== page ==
Lung cancer is a type of cancer that starts in the lungs. It is also called primary lung cancer. If it starts in another part of your body and spreads to affect your lung, it’s called secondary lung cancer.
There are two major types of primary lung cancer. Each type of lung cancer grows and spreads in different ways and maybe treated differently.
Non-small cell lung cancer
This is the most common type of lung cancer. It usually spreads more slowly than other lung cancers.
There are three major types of non-small cell lung cancer:
Squamous cell carcinoma
Large cell carcinoma
Out of these, Adenocarcinoma is the particular type which can occur in people who never smoked.
Small cell lung cancer
This is a less common type of lung cancer and it spreads faster than non-small-cell lung cancer. Small cell lung cancer is named after the size of cancer cells, which can only be seen under a microscope.
Anyone can get lung cancer. Lung cancer happens when cells in the lung mutate or change. Various factors can cause this mutation (a permanent change in the DNA sequence of a gene) to happen. Most often, this change in lung cells happens when people breathe in dangerous, toxic substances.
Around 90% of cases of smokers has a higher risk of developing lung cancer though it can also occur to non-smokers.
Your risk of getting lung cancer increases with the number of cigarettes you’ve smoked and the number of years you’ve been a smoker. If you stop smoking, the risk gets lower over time.
Some people who have lung cancer have never smoked a day in their lives. The risk factors for non-smoker are:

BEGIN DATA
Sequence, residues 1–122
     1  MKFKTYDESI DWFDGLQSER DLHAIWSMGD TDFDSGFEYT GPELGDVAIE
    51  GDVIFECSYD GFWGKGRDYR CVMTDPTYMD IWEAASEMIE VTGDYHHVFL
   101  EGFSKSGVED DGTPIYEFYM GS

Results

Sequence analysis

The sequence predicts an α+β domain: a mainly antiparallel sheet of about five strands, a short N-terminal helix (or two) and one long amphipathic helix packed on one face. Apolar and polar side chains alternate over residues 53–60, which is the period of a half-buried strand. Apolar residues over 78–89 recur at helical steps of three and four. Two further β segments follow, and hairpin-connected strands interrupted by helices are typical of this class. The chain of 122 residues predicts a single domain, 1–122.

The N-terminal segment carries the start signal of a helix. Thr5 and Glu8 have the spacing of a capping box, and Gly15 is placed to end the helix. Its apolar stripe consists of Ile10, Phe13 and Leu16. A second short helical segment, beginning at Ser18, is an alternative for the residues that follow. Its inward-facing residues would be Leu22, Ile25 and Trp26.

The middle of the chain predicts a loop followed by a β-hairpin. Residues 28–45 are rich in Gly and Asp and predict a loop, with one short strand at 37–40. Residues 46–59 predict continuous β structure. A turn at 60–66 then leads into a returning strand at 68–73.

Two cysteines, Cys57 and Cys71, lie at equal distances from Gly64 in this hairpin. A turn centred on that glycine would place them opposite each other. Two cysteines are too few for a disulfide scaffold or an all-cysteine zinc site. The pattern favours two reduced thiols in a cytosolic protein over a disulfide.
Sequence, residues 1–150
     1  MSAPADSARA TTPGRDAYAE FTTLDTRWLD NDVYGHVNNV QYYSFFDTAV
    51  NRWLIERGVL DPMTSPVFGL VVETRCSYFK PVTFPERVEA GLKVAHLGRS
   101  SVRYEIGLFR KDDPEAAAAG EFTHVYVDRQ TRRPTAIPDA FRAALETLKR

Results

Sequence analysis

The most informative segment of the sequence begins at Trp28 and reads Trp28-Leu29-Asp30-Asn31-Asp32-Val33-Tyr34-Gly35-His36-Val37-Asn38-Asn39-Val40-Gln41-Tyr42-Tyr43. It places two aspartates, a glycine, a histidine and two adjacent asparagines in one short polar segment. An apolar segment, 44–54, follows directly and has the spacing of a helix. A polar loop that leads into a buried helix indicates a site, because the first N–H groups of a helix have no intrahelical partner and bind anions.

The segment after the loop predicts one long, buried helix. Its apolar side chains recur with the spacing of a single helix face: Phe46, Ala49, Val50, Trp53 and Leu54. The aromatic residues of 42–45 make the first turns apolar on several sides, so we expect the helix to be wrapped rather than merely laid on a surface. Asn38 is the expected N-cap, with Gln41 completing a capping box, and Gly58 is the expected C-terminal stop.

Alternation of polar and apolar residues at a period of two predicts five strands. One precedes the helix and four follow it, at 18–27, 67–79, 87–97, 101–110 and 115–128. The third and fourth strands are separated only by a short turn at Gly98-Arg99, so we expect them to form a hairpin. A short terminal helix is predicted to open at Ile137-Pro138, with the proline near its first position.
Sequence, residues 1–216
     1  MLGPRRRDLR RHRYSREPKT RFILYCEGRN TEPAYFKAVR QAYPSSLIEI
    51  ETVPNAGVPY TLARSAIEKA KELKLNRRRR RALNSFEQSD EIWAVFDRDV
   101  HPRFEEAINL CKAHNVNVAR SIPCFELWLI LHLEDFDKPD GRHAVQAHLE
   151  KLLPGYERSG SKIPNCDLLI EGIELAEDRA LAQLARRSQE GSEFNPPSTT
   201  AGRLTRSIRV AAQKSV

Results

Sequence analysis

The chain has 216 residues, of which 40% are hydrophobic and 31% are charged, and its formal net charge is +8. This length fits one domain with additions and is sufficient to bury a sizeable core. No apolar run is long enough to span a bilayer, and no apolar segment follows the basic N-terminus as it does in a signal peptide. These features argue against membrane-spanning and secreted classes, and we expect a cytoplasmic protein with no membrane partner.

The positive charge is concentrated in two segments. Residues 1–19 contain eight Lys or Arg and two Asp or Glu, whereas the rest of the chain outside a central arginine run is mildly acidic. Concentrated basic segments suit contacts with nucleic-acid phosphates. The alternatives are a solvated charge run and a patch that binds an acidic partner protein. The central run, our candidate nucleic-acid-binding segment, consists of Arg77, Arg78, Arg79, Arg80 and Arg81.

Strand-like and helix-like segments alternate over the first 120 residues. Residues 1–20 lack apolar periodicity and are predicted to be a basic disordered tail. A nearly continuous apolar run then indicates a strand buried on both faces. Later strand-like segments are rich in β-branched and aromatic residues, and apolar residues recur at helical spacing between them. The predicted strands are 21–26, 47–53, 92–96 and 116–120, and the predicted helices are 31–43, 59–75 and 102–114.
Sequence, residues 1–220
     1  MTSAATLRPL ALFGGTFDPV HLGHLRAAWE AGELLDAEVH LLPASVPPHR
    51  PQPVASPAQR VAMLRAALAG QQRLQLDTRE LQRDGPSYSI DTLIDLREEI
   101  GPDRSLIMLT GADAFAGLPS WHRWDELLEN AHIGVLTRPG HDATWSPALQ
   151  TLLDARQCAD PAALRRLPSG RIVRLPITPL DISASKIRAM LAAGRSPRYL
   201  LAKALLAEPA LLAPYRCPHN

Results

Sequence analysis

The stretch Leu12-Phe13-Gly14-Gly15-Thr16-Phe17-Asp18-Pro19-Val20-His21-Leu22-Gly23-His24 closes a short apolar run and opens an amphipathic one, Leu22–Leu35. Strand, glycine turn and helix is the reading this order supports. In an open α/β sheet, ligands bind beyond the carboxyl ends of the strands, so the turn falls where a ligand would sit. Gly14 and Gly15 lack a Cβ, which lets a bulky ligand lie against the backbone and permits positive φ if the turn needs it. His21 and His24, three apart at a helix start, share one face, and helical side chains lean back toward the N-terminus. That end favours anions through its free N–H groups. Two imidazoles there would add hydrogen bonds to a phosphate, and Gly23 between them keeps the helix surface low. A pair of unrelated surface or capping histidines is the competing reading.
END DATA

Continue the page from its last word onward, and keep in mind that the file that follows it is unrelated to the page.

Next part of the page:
Second-hand smoke – People who breathe second-hand smoke i.e. inhalation of tobacco smoke from the surroundings have almost double the risk of getting lung cancer than people who stay away from smoke.
“Non-smokers who live or work in smoky air can get lung cancer from second-hand smoke”
Radon – Radon is a colourless, odourless, and naturally occurring gas found in the soil that can enter through cracks in the foundation or insulation of the building, or drains, or walls. Radon can get trapped in basements and other places that don’t have a lot of airflows (fresh air). A higher concentration of radon is indoor than outdoor.
One can’t taste, see or smell it. People who have high exposure to radon are at higher risk of lung cancer.
Asbestos – Asbestos is a heat-resistant mineral and consists of six naturally occurring silicate minerals, found in some workplaces and homes. It has been used in brake pads, insulation, siding, and many other products. People who have high exposure to asbestos are at higher risk of lung cancer.
Air pollution – It is been the most leading cause of developing lung cancer. The increase in pollution level from vehicles, factories have led to an increase in lung cancer cases among the non-smokers.
Other toxic products – Uranium, arsenic, some petroleum products may also increase the risk of developing lung cancer.
When the mutated cells increase in number it leads to the formation of a lump called tumour. Symptoms depend upon the severity of the tumour until it becomes quite large. This means it might only be discovered when you have an X-ray or scan for a different reason.
Most lung cancer patients don’t have any symptoms. As your condition progresses, you may begin to experience symptoms, such as:
Feeling out of breath
Appetite and weight loss
Blood in mucus or phlegm
Swelling of lymph nodes